To give anything like a detailed account of all the fresh- water forma- 
tions deposited in estuaries and lakes from the close of the Old Red 
Sandstone times down to late Tertiary epochs, is only fitted for a manual 
of geology, and would too much expand this address ; and I will therefore 
give little more than a catalogue of these deposits in ascending order. 

In the Coal-measure parts of the Carboniferous series, a great propor- 
tion of the shales and sandstones are of fresh-water origin. This is proved 
all over the British Islands by the shells they contain, while here and there 
marine interstratifi cations occur, generally of no great thickness. There 
is no doubt among geologists that these Coal-measure strata were chiefly 



16 EEPOKT — 1880. 

deposited under estnarine conditions, and sometimes in lagoons or in lakes ; 
while nnmerous beds of coal formed by the life and death of land plants, 
each underlaid by the soil on which the plants grew, evince the constant 
recurrence of terrestrial conditions. The same kind of phenomena are 
characteristic of the Coal-measures all through ISTorth America, and in 
every country on the continent of Europe, from France and Spain on the 
west, to Russia in the east, and the same is the case in China and in other 
areas. 

In Scotland, according to Prof. Judd, fresh- water conditions occur 
more or less all through the Jurassic series, from the Lias to the Upper 
Oolites. In England, fresh-water strata, with thin beds of coal, are found 
in the Inferior Oolite of Yorkshire, and in the middle of England and 
elsewhere in the Great Oolite. The Purbeck and Wealden strata, which, 
in a sense, fill the interval between the Jurassic and Cretaceous series, are 
almost entirely formed of fresh-water strata, with occasional thin marine 
interstratifications. By some the Wealden beds are considered to have 
been formed in and near the estuary of a great river, while others, with 
as good a show of reason, believe them to have been deposited in a large 
lake subject to the occasional influx of the sea. 

In the eastern part of South Eussia the Lias consists chiefly of fresh, 
water strata, as stated by Neumayr. 

The Godwana rocks of Central India range from Upper Palasozoic 
times well into the Jurassic strata, and there all these formations are of 
fresh- water origin. Fresh- water beds with shells are also interstratified 
with the Deccan traps of Cretaceous and Tertiary (Eocene) age, while 
2,000 feet of fresh-water sands overlie them.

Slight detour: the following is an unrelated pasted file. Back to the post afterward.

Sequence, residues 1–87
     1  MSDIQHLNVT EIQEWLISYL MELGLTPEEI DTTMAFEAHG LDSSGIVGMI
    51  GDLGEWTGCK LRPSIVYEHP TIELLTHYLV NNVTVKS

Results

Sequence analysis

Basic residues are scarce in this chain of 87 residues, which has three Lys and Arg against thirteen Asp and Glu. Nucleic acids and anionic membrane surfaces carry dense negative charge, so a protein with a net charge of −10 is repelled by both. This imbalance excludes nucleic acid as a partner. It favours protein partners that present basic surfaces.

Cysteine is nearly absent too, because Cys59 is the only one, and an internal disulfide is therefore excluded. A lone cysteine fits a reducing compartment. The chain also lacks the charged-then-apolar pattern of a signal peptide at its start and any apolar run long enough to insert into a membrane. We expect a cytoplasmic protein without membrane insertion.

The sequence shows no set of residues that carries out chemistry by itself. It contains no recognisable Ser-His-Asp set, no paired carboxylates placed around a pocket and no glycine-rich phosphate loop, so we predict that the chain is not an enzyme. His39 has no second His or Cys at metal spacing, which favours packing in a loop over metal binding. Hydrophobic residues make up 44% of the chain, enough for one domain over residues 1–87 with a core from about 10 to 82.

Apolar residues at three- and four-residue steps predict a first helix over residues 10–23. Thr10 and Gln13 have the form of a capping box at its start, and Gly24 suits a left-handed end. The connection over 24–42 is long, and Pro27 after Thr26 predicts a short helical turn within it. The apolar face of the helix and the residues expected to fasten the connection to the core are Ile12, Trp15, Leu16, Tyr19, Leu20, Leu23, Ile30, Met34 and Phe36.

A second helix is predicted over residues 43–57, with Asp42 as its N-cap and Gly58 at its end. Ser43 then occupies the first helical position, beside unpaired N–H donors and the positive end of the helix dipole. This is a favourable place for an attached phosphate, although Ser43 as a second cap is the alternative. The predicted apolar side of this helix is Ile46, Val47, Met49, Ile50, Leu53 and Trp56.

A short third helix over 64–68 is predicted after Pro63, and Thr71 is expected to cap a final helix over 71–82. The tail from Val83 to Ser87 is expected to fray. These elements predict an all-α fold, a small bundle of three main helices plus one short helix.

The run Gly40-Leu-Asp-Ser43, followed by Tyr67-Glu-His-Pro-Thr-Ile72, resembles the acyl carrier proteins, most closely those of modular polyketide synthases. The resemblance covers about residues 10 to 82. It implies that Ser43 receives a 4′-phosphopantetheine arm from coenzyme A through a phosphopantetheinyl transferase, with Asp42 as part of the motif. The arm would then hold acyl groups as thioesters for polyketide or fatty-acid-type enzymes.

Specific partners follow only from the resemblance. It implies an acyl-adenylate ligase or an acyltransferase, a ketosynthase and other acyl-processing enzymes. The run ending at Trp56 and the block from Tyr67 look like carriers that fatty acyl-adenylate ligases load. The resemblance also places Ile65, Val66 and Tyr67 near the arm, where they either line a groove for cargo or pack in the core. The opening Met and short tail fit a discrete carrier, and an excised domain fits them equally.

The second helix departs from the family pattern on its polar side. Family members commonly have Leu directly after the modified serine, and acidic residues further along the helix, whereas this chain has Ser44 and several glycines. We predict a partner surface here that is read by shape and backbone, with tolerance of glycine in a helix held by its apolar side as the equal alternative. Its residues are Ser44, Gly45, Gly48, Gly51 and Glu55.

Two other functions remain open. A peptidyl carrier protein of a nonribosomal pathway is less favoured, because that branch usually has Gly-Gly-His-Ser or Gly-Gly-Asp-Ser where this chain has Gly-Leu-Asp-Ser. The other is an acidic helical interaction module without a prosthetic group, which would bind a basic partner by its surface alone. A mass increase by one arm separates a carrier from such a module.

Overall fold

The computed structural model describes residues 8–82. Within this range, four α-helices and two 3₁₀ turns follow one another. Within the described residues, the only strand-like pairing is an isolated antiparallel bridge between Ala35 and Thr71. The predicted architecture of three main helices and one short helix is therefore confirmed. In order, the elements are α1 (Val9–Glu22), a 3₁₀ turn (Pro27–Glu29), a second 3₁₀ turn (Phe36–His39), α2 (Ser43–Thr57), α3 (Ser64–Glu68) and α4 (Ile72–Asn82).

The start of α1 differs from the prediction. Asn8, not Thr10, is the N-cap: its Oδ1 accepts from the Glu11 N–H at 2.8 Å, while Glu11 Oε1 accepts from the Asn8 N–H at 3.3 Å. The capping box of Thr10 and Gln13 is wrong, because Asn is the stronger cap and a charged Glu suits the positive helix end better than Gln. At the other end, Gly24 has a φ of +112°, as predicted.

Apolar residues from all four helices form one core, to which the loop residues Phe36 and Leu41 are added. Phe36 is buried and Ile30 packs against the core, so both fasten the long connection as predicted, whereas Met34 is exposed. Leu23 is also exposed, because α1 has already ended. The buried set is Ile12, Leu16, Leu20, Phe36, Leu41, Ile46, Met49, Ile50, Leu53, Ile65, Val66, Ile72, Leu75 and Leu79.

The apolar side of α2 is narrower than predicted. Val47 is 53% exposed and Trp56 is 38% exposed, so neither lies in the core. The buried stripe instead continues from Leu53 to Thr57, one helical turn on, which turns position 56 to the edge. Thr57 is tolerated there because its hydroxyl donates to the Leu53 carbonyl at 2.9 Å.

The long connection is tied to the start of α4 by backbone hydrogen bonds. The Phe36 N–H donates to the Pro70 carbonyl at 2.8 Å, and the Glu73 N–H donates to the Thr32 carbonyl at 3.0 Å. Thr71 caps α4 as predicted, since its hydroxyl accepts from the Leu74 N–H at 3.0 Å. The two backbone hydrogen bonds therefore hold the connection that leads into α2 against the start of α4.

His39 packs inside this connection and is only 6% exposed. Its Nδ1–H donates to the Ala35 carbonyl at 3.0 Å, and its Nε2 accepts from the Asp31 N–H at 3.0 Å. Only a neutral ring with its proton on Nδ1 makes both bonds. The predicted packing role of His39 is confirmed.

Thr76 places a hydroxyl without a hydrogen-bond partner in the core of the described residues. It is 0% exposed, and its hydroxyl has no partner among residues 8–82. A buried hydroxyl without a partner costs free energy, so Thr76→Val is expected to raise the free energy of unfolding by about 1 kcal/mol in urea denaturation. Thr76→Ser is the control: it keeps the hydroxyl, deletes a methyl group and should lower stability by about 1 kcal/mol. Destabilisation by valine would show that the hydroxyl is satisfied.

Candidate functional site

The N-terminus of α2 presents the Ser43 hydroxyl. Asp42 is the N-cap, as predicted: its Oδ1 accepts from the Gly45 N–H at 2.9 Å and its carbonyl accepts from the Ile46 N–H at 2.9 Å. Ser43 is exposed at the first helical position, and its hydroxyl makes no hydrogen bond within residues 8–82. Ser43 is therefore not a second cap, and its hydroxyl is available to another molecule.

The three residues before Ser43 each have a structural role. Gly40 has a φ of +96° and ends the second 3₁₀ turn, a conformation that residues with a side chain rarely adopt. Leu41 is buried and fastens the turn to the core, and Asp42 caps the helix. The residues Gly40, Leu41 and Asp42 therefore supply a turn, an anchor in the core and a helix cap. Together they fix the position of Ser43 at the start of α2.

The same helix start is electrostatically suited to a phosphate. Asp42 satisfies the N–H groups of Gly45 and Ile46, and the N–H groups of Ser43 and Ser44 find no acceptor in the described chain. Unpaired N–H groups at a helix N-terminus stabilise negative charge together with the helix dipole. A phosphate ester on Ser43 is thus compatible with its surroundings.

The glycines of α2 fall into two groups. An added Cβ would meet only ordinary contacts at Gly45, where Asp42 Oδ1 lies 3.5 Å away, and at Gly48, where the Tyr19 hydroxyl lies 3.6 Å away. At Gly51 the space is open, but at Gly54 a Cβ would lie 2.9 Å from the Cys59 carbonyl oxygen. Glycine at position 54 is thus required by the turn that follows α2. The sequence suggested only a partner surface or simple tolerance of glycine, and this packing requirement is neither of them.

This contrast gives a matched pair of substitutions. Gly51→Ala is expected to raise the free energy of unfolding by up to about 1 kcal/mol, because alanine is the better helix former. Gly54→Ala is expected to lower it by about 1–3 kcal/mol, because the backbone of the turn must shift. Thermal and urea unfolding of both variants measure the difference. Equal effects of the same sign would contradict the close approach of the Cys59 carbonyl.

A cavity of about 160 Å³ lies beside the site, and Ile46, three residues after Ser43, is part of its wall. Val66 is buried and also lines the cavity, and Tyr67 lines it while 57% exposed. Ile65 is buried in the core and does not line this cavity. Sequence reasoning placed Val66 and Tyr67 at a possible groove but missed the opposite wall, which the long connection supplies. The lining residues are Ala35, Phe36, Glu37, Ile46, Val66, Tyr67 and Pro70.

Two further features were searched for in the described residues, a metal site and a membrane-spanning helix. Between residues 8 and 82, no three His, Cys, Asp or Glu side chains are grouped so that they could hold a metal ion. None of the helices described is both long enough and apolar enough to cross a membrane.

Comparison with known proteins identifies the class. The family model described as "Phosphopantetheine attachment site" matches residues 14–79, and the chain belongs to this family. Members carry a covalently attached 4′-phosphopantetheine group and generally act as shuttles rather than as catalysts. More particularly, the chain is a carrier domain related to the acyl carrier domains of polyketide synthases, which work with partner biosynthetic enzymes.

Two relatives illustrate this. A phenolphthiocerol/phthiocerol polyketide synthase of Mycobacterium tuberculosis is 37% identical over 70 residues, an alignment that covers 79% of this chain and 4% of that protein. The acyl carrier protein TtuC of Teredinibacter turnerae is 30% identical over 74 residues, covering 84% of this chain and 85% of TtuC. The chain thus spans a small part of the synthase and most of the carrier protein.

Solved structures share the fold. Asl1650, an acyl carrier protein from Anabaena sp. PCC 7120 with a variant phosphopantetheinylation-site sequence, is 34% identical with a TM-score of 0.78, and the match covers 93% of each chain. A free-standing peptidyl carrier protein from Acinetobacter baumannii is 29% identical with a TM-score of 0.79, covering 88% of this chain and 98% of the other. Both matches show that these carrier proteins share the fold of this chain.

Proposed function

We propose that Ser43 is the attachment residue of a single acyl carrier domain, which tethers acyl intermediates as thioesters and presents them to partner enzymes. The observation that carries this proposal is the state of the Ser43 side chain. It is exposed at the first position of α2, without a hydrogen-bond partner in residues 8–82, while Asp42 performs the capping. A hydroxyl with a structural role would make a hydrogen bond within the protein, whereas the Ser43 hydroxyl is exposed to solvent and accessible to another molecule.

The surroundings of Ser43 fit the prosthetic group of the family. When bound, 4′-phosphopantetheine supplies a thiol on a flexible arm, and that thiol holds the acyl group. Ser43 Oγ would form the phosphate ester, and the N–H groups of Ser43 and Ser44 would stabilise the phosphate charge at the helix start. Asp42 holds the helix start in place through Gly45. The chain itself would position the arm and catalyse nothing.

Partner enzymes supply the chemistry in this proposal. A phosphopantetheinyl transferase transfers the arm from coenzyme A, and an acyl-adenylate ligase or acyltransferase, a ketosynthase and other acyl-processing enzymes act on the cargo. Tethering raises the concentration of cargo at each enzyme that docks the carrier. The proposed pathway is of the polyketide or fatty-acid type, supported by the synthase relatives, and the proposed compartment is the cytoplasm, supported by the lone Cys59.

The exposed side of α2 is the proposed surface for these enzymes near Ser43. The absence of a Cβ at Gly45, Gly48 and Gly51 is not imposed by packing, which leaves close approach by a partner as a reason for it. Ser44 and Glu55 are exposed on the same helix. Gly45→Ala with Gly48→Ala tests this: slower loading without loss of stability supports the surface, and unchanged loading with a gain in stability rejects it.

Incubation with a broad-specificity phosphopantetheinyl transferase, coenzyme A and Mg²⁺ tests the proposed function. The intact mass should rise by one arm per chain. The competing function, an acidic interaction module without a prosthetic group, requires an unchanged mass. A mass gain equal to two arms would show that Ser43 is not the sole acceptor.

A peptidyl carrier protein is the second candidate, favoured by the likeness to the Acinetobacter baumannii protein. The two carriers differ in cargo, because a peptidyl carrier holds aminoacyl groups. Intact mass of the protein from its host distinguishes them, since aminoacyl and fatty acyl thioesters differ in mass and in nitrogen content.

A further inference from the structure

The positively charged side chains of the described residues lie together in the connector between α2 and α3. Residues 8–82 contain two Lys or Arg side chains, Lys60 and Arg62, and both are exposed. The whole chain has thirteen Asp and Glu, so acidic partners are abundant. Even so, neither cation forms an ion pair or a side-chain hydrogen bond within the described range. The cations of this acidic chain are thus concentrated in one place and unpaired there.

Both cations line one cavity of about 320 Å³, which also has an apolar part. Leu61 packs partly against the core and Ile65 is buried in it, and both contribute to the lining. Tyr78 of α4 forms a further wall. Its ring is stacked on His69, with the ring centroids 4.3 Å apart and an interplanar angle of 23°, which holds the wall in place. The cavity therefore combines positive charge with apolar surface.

In South-western Sweden, as stated by Mr. Bauerman, 'the three 
coal-fields of Hoganas, Stabbarp, and Rodinge, lie in the uppermost 
Triassic or Rhsetic series.' In Africa, the Karoo beds, which it is surmised 
may be of the age of the New Red Sandstone, contain beds of coal. In 
North America, certain fresh-water strata, with beds of lignite, apparently 
belong to the Cretaceous and Eocene epochs, and in the north of Spain 
and south of France, there are fresh-water lacustrine formations in the 
highest Cretaceous strata. 

In England the lower and upper Eocene strata are chiefly of fi-esh- 
water origin, and the same is the case in France and other parts of the 
Contiuent. Certain fresh-water formations in Central Spain extend from 
the Eocene to the upper Miocene strata. 

There is only one small patch of Miocene beds in England, at Bovey 
Tracey, near Dartmoor, formed of fresh- water deposits with interstratified 
beds of lignite or Miocene coal. On the continent of Europe, Miocene 
strata occupy immense independent areas, extending from France and 
Spain to the Black Sea. In places too numerous to name, they contain 
beds of ' brown coal,' as lignite is sometimes called. These coal-beds 
are often of great thickness and solidity. In one of the pits which I 
descended near Teplitz, in Bohemia, the coal, which lies in a true basin, 



ADDRESS. 17 

is 40 feet thick, and underneatli it there is a bed of clay, with rootlets, 
quite comparable to the underclay which is found beneath almost every 
bed of coal in the British and other coal-fields of the Carboniferous epoch. 
The Miocene rocks of Switzerland are familiar to all geologists, who have 
traversed the country between the Jura and the Alps. Sometimes they 
are soft and incoherent, sometimes formed of sandstones, and some- 
times of conglomerates, as on the Righi. They chiefly consist of fresh- 
water lacustrine strata, with some minor marine interstratifications which 
mark the influx of the sea during occasional partial submergences of 
portions of the area. These fresh- water strata, of great extent and thick- 
ness, contain beds of lignite, and are remarkable for the relics of numerous 
trees and other plants which have been described by Prof. Heer of